Advice to Isenberg Students: Be Resourceful in Your Job Search Strategies
May 20, 2013
"Our aim at Isenberg is to offer our students the best possible tool kit of job search resources and preparation," emphasizes Melissa Salva, Director of Recruiting Operations at the School's Chase Career Center. "We're happy when our students find jobs and internships through our own eRecruiting posts and our career services blog, RecrutingEdge. We're just as pleased when they independently use resources like Glassdoor and LinkedIn. Our bottom line is to maximize our students' personal initiative and success in the job market," she emphasizes.
That dovetails, Salva continues, with the individual drive and resilience that give Isenberg students a competitive edge in the marketplace. To help them make the most of those assets, Isenberg equips them with a structured program of job search and career -related tools from day one, beginning with its mandatory Freshman Transitions course. That's when every Isenberg student opens a personal LinkedIn account.
"The Freshman Transitions course was the first time I'd heard of LinkedIn," recalls Melissa Smith, a 2013 Isenberg marketing graduate who used the platform to land her first job after graduation- as an Ecommerce Marketing Assistant with MedPort LLC in Providence. Smith will work with the company's Fit & Fresh business, a product line of durable plastic containers with removable ice packs. At MedPort, Smith will work with Anne Coyne, a 2005 Isenberg MBA graduate, who is the company's Director of eCommerce.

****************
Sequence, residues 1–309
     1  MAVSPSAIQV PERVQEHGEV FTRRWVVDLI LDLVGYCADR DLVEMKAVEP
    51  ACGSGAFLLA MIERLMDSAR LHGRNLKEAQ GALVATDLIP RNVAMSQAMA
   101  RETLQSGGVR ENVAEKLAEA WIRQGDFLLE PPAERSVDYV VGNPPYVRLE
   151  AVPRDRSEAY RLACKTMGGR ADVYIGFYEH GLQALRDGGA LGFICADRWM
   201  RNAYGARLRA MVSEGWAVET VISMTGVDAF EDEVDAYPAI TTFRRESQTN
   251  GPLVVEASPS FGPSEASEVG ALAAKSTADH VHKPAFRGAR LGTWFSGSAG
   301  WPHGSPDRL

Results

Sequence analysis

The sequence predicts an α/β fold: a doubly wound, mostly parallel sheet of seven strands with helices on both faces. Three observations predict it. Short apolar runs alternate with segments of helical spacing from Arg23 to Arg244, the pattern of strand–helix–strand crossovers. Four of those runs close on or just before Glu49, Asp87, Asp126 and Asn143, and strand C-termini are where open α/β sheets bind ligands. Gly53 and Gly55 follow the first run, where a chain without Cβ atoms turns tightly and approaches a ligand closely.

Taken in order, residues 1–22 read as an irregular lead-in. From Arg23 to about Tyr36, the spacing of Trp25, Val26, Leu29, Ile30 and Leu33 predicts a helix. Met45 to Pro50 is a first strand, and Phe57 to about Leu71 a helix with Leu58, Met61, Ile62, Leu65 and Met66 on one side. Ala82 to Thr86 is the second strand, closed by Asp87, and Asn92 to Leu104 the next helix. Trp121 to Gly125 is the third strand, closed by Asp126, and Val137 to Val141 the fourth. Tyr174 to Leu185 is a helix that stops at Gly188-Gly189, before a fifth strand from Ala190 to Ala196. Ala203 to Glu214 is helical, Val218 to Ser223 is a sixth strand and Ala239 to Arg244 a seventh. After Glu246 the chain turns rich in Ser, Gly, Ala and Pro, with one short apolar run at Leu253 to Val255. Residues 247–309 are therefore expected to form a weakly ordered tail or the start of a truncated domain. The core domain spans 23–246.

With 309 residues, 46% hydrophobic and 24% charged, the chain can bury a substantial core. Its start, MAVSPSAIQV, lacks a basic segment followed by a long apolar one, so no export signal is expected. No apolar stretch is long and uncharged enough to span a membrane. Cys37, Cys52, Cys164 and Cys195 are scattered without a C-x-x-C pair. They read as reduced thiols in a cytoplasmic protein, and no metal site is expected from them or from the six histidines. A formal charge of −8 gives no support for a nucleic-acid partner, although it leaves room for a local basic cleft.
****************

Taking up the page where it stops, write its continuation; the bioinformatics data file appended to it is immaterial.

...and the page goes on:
Following Freshman Transitions, Smith's LinkedIn account remained relatively inactive until the summer of 2012, when she deployed it to research potential clients as a Business Development Intern with Compete, Inc., a Boston area firm that specializes in digitally based marketing intelligence. She had acquired the Compete internship not through LinkedIn but through Isenberg graduate Brian Tino '11, a new contact in her growing Isenberg network.
Reaching beyond Campus Job Search Platforms. "The internship helped me to appreciate LinkedIn's value in identifying and maximizing personal networks, both for business intelligence and job market research," Smith remarks. With that realization, the platform became prominent in her arsenal of job search resources. (As did strategic conversations during her senior year with Salva and Kim Figueroa, Isenberg's director of internships and co-ops. [A strong LinkedIn advocate, Salva has offered LinkedIn workshops at Isenberg since the spring semester of 2012.])
According to Coyne, the MedPort position attracted 150 applicants, most of them from colleges in Rhode Island, several from UMass Amherst, and a couple from Boston. The lion's share of applications arrived via college e-recruiting platforms and 20 to 30 came through Monster.com. Coyne counted only a handful of applications via LinkedIn. She had also posted the job on Isenberg's e-recruiting site, which Smith bypassed because she had discovered the LinkedIn post first. Unlike Smith, many of the applicants, notes Coyne, failed to include cover letters; only a few sent follow-up letters or inquiries.
It's to an applicant's advantage, Coyne continues, to expand job searches beyond their campus recruiting sites. Don't take the easy way out, she advised. "Be thorough", she notes, "by searching for opportunities in the Web's nooks and crannies." LinkedIn, she adds, has the "advantage of letting you see who posted the position; how you may be connected to that person." Salva agrees that students should go the added mile in their job searches. "That, in fact," she says, "plays right into the strengths of Isenberg students-their exceptional drive and their unwillingness to settle for business as usual."